March 18, 2019 / 8:46 AM / 3 months ago

No news is good news for Italian bonds as Moody's holds rating

* Euro zone periphery govt bond yields

By Virginia Furness

LONDON, March 18 (Reuters) - No news proved the most important news in euro zone bonds on Monday after ratings agency Moody’s decided not to downgrade Italy’s credit rating, prompting investors to buy Italian government bonds.

Ratings activity in the periphery was in focus with both Portugal and Italy subject to reviews on Friday. Broader euro zone bond yields were largely unchanged as the market waited for clarity on the UK’s Brexit negotiations and this week’s U.S. Federal Reserve Open Markets committee meeting.

Moody’s on Friday left Italy’s Baa3 credit rating unchanged, helping Italian government bond yields edge back down to their lowest since May 2018. Standard & Poor’s upgraded Portugal to BBB, and the Portuguese 10-year government bond yields fell to their lowest in at least 25 years.

“Portugal was upgraded but even more important was that Moody’s didn’t do anything with Italy’s rating, despite ongoing headlines,” said Sebastian Fellechner, rates strategist at DZ Bank. “The non-ratings decision is helping the market.”

Italy’s 10-year government bond yield fell as much as four basis points on the day to 2.46 percent, its lowest since May 2018. Its spread over higher-rated Germany briefly narrowed to its tightest since September 2018.

Portuguese yields fell after Standard & Poor’s raised Portugal’s BBB- credit rating, citing declining debt and balanced growth.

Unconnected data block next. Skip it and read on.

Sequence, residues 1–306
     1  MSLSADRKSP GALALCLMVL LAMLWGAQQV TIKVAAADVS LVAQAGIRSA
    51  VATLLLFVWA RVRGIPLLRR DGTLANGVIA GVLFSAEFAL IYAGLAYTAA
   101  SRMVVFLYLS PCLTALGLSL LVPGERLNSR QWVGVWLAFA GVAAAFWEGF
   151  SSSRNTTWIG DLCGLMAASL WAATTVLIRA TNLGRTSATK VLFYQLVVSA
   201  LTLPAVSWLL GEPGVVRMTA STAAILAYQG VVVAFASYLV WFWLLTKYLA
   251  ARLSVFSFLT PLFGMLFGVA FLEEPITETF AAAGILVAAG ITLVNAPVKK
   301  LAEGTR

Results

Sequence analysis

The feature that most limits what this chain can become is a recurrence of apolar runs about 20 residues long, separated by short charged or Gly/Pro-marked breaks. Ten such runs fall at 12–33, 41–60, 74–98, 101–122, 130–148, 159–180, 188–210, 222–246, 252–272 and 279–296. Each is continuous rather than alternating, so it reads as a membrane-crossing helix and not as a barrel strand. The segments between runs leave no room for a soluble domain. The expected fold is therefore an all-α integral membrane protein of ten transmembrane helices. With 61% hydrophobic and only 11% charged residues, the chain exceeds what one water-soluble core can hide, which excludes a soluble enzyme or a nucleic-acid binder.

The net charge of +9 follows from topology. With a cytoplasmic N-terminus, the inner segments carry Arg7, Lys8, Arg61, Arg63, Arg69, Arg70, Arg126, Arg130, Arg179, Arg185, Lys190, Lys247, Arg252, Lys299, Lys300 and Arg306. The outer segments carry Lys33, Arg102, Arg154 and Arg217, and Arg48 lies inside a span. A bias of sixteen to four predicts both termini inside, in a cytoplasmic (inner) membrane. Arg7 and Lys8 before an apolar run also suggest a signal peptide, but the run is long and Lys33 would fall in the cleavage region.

The ratings agency said it expects the Portuguese economy to grow 1.5 to 1.7 percent during 2019-2021. It also expects Portugal to record a budgetary surplus and to reduce the ratio of public debt to gross domestic product.

Ten-year Portuguese government bond yields edged down to 1.31 percent, having fallen after the European Central Bank announced a further round of targeted long term financing operations on March 7.

The spread of Portuguese 10-year government bonds over Germany has narrowed by about 40 basis points since the beginning of the year.

The upgrade had been widely expected, according to DZ Bank’s Fellechner, which explains the smaller move in Portuguese yields.

Elsewhere, French 10-year government bond yields were largely unchanged after more violence linked to the yellow vest movement. France’s prime minister is due to announce new security measures.

Supply is also due to pick up this week with 19 billion to 24 billion euros of primary activity, according to UniCredit analysts who say this will likely be the heaviest week in 2019. (Reporting by Virginia Furness, editing by Larry King)

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